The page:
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Sikh News Twenty Years On, India's Sikh Widows Wait For Justice

31 Oct 2004 09:48:24 GMT

Source: Reuters

By Sugita Katyal

NEW DELHI, Oct 31 (Reuters) - It's a memory that will haunt Ravel Kaur for the rest of her life.

A day after Indian prime minister Indira Gandhi was killed by her Sikh bodyguards 20 years ago, an angry mob invaded Kaur's New Delhi home, dragged out her husband and two sons by their hair, set them on fire and then bludgeoned them to death.

"I just managed to save my 10-year-old son by removing his turban, braiding his hair and making him wear a girl's dress," Kaur sobbed in her ramshackle glass shop, surrounded by pictures of Hindu gods and Guru Nanak, the founder of her religion.



Demonstration by riot victims
Tribune News Service

- Women members of the All-India Sikh Conference hold a demonstration in New Delhi on Sunday demanding justice for the victims of the anti-Sikh riots of 1984. — PTI photo

New Delhi, October 31

Two decades have passed, but justice seems to elude the victims of the 1984 anti-Sikh riot. They demonstrated in the Capital today, demanding punishment to those involved in the massacre and compensation to the children of those who lost their loved ones.

The president of All-India Sikh Conference Gurcharan Singh Babbar, in a memorandum to the Prime Minister, said, “No action has been taken against those involved in the sacrilege, burning of Sikh religious text books and looting the money from the coffers of gurdwaras in the Capital.”

Comparing the anti-Sikh riots with the Gujarat riots, he said the Supreme Court has been passing stringent strictures from time to time in the Gujarat riot case, but has not adopted a similar stand with respect to the 1984 anti-Sikh riots.

The protestors, demonstrating near Jantar Mantar in the Capital, raised anti-Congress slogans and sought justice.

They also sought action against the senior officials of Delhi Police who were alleged to be involved in the riots and felicitation for those who fearlessly tried to save the community and the gurdwaras from destruction.

They also demanded compensation for those killed in the riots and job opportunities to the children of those who lost their lives in November 1984. A monthly pension of Rs 5000 for the aged was also sought.

At the Tilak Vihar colony, where the widows of riots were rehabilitated, there was a stunning silence today with children and relatives of the victims remembering and narrating the horrific memories of the mayhem.

According to the government 2733 persons died in the wave of killings aimed at the Sikh community after the then Prime Minister Indira Gandhi was gunned downed by her Sikh security guards seeking revenge for her decision to send the army to flush out Sikh separatists from the Golden Temple.

The Justice Nanavati Commission, which was asked to probe the riot cases afresh, has been given time till December 31 to complete its inquiry.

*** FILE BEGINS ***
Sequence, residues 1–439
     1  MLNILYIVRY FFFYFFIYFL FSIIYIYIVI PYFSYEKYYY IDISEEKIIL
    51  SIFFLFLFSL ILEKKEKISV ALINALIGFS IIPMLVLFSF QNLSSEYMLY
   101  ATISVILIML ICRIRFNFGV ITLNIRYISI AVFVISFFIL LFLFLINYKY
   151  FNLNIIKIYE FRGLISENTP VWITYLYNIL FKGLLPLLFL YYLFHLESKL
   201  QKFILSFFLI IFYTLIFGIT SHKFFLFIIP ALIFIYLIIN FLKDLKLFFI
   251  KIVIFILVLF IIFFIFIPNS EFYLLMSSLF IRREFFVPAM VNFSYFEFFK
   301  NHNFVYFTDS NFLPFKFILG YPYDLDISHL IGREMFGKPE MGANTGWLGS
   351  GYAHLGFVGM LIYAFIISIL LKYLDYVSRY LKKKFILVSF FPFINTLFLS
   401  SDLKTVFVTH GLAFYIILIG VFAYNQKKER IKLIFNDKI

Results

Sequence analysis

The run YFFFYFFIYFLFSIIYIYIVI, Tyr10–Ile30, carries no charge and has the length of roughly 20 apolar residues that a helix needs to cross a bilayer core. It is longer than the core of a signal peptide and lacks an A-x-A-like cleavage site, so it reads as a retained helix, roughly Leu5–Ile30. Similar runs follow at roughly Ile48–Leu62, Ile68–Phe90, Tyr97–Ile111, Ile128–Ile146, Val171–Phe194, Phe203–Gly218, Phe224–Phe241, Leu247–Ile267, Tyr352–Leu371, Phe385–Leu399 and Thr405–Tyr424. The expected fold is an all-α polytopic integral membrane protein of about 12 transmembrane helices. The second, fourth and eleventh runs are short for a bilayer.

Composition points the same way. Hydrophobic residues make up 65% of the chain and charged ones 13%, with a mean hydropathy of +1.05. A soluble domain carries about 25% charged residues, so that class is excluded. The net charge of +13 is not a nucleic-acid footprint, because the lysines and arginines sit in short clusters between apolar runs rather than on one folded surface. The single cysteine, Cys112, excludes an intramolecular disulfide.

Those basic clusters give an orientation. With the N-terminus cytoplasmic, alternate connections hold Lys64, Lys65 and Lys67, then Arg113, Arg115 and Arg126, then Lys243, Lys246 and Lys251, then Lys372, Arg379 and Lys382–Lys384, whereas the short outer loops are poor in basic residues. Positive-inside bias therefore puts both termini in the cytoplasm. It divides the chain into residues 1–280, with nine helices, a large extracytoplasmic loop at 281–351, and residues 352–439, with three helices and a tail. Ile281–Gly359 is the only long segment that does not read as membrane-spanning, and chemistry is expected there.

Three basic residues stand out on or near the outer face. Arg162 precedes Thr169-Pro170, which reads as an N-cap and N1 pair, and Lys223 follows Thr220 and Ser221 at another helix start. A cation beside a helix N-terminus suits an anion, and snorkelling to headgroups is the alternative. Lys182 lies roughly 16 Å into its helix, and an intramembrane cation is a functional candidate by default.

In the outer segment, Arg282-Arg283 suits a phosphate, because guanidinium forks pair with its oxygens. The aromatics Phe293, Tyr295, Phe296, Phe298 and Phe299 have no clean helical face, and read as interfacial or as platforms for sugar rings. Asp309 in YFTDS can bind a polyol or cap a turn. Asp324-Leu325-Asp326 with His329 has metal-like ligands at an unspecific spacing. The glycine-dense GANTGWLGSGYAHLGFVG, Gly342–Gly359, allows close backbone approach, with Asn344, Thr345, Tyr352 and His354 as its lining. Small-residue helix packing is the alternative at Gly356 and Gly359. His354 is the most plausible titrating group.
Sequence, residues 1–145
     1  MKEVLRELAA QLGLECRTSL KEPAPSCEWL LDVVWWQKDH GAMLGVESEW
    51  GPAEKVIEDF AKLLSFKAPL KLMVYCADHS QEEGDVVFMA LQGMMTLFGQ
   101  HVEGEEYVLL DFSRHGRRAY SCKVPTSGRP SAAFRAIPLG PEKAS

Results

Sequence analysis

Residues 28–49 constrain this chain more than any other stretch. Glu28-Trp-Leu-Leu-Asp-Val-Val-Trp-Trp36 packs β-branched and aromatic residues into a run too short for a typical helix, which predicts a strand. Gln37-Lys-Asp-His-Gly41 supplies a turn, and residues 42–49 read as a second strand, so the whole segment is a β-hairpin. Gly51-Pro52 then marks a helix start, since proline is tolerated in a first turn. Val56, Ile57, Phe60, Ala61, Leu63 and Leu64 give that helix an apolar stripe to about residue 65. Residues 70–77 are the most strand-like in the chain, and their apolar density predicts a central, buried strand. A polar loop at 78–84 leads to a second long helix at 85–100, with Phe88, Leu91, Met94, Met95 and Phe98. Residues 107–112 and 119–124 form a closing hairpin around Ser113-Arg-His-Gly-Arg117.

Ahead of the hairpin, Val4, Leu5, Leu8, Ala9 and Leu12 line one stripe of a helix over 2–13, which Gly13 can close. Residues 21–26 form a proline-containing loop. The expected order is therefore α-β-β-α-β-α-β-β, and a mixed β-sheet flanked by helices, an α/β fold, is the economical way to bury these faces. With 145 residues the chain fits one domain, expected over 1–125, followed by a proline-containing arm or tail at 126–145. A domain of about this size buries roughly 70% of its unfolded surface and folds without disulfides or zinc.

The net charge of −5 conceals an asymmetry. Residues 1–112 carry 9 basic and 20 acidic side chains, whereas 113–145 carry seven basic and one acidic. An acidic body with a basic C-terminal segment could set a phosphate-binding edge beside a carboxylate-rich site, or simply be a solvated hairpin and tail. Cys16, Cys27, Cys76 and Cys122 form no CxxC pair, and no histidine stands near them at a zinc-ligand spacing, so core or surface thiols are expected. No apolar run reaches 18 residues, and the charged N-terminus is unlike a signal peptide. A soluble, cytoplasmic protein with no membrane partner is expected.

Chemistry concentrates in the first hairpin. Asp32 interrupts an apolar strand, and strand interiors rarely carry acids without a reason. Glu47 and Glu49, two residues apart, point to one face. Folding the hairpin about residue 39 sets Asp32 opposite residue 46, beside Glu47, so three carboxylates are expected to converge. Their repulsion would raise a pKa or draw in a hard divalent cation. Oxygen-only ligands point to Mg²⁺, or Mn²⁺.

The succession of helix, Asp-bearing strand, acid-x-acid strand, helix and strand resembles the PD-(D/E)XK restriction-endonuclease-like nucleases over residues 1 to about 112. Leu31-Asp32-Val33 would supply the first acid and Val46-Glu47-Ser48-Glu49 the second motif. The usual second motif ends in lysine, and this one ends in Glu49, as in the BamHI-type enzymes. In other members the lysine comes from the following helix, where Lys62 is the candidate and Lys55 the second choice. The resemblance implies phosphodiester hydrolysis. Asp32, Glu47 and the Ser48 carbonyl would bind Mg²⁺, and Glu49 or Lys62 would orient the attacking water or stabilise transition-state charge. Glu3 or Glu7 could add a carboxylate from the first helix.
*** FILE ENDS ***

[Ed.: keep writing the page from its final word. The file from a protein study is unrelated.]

It has completed the hearing and sought two months extension to finalise its report.[/b]


For riot victims, 20 yrs changed nothing

Sourav Sanyal

SAS Nagar, October 31: OCTOBER 31, 1984.


Three-month-old Balwinder was sleeping in mother Balwant Kaur’s lap when hell broke loose. The main gate of their house in Uttar Pradesh’s Bilaspur district opened to a group of villagers who came with the news which changed their life. Forever.

‘‘Before I could realise what was happening, scores of villagers broke open the door and told us of the riots. My head was reeling. I had no clue what they were talking about. My husband Fauja Singh had left the house around 10 pm for a bus to my sister-in-law’s house in Patiala. Someone said Indira Gandhi had been shot dead. The entire town was on fire. I couldn’t take it. I fainted. For the next three months, I was in the hospital. My heart refused to believe that my husband would not come back. But then 20 years...,’’ her voice trails off.

She is not alone. The scars of the 1984 anti-Sikh riots are still fresh in the minds of hundreds like her who are living under severe hardship in Phase XI here.

Sitting on a charpoy outside her two-room settlement, Manjit Kaur is silent as Newsline takes her back in time. And then speaks up, slowly. ‘‘They killed him when we were trying to jump to the neighbour’s house. I couldn’t do anything. They hit me with a rod. I don’t know anything after that. My three children and I were locked in a room for 11 days by an acquaintance. My wounds became worse. I could see worms coming out. Later, I got to know that his body was cremated after four days. They had burnt down our house. I was alone.’’

Looking vacantly at a group of children playing nearby, she says, ‘‘My youngest son was born after eight and a half months. My husband had come home from the Middle East after six and a half years. We were in Gurgaon then. The Haryana government did nothing for us.’’

Balwant Kaur’s daughter Balwinder, who was three months old then, is to marry tomorrow. ‘‘My husband was a farmer. It was tough to manage six children. People advised me to go to Punjab for a better life. But what has it given us?’’ she asks. Kaur took up odd jobs in factories and saved from her Rs 300 salary for her daughters’ weddings. ‘‘On my last daughter’s wedding, I sought help from the DC. They did nothing. This time she has sanctioned Rs 2,700,’’ she says, adding her daughter was forced to become a public-function singer to make both ends meet. Danga Pidit Welfare Society (Ropar) chief Kashmir Kaur, whose husband suffered a heart attack when he saw the bloodshed says, ‘‘This is Kala Din for us. I have seen 15-day-olds roasted alive in tandoor. We had to take shelter in a camp. They set our house on fire. My husband’s truck was burnt down. We couldn’t even make our son pursue his dream of becoming an athlete. Governments have changed but we remain where we are.’’

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